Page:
Diagnosing AIDS and Emerging Infections in Resource-Limited Settings:
The Role of the Pathologist in Patient Care and Disease Surveillance
Section 2 -
Patrick Adegboyega and Martin Hale
The practice of histopathology is largely unchanged since the time of Virchow when he established it
the 1850's. Although the principles of the technology are old, there are a number of advantages to
this. Firstly, the equipment required is minimal and is relatively cheap to purchase at entry level,
comprising, rotary processors and microtomes. In addition, the equipment can be expected to have a long
service life if properly serviced and maintained.
Tissue blocks embedded in wax are easy to prepare and store indefinitely and there are no specific
environmental requirements other than good light to cut the H&E sections. Processing reagents are
generally easily and readily available and there are no strict storage or transport requirements other
than protection from fire. These advantages need to be compared with the requirements for the practice
of Clinical Pathology.
The analysers used in Clinical Pathology are complex instruments and have a high level of technology
including the use of sophisticated computer interfaces. The equipment also has high maintenance
requirements sourced from within the laboratory and from equipment suppliers. The reagents that are
utilized are usually in the form of kits and have demanding storage requirements, often including the
integrity of cold chains.
Returning to histology, the processing of tissue is relatively straightforward provided that
recognised standards and protocols are adhered to, such as, the number of baths, the frequency of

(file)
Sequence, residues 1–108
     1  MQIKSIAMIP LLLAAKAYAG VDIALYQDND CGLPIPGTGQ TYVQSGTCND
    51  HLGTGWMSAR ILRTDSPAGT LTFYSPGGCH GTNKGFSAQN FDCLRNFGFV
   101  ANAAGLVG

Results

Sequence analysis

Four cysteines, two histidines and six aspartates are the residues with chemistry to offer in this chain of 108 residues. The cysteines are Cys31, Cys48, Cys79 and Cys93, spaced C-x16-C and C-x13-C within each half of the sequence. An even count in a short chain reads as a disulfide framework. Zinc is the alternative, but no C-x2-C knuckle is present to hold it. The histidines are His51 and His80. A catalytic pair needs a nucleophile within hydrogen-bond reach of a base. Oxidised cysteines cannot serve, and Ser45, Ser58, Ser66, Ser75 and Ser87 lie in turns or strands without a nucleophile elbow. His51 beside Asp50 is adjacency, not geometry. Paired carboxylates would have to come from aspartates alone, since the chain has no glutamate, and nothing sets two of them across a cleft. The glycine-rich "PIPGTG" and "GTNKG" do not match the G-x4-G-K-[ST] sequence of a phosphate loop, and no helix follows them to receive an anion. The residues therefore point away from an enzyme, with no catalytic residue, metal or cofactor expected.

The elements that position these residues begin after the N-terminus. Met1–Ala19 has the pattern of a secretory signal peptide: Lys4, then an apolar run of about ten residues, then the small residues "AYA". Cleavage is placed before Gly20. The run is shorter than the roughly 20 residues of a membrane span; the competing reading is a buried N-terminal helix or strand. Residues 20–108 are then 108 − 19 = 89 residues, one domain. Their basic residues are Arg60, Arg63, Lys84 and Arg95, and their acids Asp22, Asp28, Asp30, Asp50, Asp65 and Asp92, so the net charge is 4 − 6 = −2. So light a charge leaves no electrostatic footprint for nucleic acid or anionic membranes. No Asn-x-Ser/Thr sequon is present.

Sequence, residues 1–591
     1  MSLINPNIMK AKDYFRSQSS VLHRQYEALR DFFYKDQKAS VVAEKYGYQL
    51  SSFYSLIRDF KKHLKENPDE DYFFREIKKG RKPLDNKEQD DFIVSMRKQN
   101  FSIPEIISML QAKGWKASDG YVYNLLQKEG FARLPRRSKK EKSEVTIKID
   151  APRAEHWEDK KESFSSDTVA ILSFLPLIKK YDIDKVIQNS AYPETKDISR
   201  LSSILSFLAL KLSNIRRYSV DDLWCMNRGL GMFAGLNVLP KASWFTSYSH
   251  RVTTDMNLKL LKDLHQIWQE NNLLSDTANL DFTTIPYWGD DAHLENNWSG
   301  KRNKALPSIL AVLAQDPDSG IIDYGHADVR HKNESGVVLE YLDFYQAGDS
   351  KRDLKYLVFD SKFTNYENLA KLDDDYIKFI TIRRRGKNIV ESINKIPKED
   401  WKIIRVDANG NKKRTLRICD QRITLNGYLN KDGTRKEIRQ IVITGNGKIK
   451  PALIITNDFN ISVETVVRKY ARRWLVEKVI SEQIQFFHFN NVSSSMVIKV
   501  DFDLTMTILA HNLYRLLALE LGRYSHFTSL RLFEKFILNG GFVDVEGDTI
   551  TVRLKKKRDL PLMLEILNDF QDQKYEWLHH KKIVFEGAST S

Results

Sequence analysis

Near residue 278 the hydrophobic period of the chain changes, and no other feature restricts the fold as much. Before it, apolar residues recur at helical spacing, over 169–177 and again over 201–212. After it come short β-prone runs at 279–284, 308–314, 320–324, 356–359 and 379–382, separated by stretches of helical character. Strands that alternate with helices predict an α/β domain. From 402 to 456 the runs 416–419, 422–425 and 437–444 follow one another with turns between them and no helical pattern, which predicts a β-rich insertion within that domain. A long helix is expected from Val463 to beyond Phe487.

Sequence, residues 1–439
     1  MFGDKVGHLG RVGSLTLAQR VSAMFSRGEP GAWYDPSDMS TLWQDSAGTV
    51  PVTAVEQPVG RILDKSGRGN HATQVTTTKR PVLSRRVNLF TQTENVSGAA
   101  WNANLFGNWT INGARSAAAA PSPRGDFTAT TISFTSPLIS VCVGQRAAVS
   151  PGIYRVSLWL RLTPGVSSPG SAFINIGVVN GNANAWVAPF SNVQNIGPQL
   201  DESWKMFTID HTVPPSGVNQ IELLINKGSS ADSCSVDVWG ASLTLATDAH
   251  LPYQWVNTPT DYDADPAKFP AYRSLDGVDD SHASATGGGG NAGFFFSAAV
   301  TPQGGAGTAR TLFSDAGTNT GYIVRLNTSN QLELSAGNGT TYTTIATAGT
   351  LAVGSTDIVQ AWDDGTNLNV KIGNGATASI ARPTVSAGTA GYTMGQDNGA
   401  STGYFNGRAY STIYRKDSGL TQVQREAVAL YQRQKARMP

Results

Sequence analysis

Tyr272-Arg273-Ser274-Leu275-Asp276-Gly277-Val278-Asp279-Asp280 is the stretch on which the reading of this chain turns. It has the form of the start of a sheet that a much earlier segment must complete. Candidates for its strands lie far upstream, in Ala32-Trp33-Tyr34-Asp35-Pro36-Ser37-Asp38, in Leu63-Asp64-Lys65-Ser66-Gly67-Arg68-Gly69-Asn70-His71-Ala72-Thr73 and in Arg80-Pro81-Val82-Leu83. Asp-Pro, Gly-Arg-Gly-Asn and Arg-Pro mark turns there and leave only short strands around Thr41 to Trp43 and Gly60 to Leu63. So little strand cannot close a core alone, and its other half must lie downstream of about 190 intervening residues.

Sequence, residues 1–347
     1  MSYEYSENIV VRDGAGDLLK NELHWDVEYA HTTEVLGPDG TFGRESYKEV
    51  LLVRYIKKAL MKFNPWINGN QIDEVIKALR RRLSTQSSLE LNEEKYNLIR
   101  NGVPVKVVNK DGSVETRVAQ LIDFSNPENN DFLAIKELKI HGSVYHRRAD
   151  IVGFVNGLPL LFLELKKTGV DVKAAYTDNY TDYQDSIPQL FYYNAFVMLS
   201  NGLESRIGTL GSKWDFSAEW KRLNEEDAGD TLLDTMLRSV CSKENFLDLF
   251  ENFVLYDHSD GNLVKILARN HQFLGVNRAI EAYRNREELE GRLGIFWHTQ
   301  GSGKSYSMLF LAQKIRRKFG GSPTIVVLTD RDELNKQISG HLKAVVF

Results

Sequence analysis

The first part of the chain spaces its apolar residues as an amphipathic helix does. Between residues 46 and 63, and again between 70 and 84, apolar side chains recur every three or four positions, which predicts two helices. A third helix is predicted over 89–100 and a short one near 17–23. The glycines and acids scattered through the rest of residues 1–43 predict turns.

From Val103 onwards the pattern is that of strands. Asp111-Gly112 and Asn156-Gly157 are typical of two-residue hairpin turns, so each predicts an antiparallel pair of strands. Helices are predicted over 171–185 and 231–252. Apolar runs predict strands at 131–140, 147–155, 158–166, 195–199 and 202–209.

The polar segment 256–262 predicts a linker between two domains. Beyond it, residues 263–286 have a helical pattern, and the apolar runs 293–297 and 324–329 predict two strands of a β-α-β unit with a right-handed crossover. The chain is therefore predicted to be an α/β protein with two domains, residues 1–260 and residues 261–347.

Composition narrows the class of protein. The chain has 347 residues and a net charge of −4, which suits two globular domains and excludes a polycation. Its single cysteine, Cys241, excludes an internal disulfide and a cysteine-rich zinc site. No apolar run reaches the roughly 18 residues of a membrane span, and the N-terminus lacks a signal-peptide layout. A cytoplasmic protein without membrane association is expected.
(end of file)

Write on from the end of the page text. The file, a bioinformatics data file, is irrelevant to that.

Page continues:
solution changes and temperature ranges. It is important that histology laboratories do not look to
achieve false economies or short cuts in any of these activities. Histopathology practice is founded on
adequate tissue fixation and processing and any defects in fixation, dehydration, clearing and waxing
impregnation may cause irretrievable loss, leading to sub-optimal diagnosis. In addition to the H&E
stain there are a number of straightforward special stains that may be employed in the diagnosis of
specific entities and infections, without resorting to complex immunohistochemistry and molecular
The ever-increasing global onslaught of HIV infection and associated immunosuppression in affected
patients highlights the need for timely diagnosis and optimal treatment as a basis for good disease
surveillance and interventional strategies. Unfortunately, many of the regions most affected by this
burden are in underdeveloped countries and so often lack the resources for the timely diagnosis and
management of these disease conditions.
Using an illustrative case presentation approach, the use of basic, reliable, readily available and
cost-effective histochemical stains and techniques for the tissue diagnosis of infectious diseases in
resources-limited settings will be discussed. This will include ways in which the histopathologist can
be actively involved in the diagnosis and surveillance of emerging/re-emerging infectious diseases.